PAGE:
PyCon Australia 2016
It's been super interesting to meet people from the Australian Python community and there were a number of very interesting talks at the conference.
Things that I saw at talks that caught my attention:
- There's actually a JIT for CPython called numba. As a bonus it can use some numpy functionality because their project rewrote code in numpy to make it compatible.
- Monkeypatching is harder to get right that I imagined as there were edge cases mentioned in the monkeypatching talk I wasn't even aware of. The wrapt library is awesome and the author of the library is equally awesome, big thanks to Graham Dumpleton for answering some of my questions after the talk. Add me on to the long list of people that would like to see that in the standard library. I also learned that executable code can be run in .pth files which I find terrifying.
- There was a talk on reproducible research that employs software as a key step. This is a super important topic that I think gets far too little visibility. Helping scientists do research that's reproducible is very important to us as a society. Better software development practices might also enable people to get more in depth research done too because it can remove blocking issues of a software nature. Seeing talks like this show up at conferences for data science people is super encouraging.
- The talk by Christopher Swenson that went over what happens internally in the boot-up phase of cPython was fantastic. The talk was a run through of what happens between the time you type python at the command line and the time python code starts running. It followed the call stack through the C code and went over the most relevant parts. I felt I learned important things about the way in which bytecode works in cPython and this gave me insights into why the execution is so slow. The quick summary is that cPython sets up a bytecode stack and very conservatively executes it. (There's an emphasis on correctness and thus no optimization steps are performed in its very conservative approach.)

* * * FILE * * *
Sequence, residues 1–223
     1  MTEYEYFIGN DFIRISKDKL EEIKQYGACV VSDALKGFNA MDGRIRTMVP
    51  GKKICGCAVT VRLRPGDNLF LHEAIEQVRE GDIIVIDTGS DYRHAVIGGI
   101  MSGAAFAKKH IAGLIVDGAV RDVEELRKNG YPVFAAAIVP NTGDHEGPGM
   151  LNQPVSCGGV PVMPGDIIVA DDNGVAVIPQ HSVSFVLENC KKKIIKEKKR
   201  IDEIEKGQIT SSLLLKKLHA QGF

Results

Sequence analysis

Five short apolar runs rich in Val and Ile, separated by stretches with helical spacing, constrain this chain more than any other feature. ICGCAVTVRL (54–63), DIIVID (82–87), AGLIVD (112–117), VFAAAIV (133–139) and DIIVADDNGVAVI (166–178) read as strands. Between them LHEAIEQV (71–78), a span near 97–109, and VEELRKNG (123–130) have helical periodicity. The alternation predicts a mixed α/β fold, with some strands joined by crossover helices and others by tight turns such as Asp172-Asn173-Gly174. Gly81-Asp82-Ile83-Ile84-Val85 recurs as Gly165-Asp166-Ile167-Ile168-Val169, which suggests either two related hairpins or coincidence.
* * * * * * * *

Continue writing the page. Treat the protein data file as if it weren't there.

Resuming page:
- File uploads talk. There's a whole lot of security issues with uploading files that you later serve. Very eye opening talk and I'll certainly be keeping an eye out for security flaws in apache. Right now I'm working on internal libraries at work and I'm glad that I can now defensively handle some of those security issues. The approach of cleaning up files aggressively is a really nice way to stop some exploits that can impact your users when they download the files.
- Micropython, it's awesome! There was a talk about another SoC system, will keep in mind if I do embedded systems design again. I had to make a mental effort to not go to more of these embedded talks as I'm not working on embedded systems right now and I have to prioritize on learning what I'm currently working on professionally. Were I on my own I might just continue on but I have juniors who are wanting my help so I think the right thing to do is really focus in on getting more skilled with the tech the team is working on so I can provide the best (more relevant to the projects) help to the juniors in my company.
- The mental health in development talk by Ducky was great. This is a super important topic and by getting these issues into the open we have a better chance of making positive change. I heard that there was a talk on impostor syndrome too, I missed that talk but I'm very familiar with the topic. Talks like this are a great reminder to be mindful of what's going on in your organizations. On a practical level there's a developer at my company and she's super awesome but can't internalize her own successes, I think that it's a good idea to be mindful of this and look for situations to be encouraging and help build up some confidence.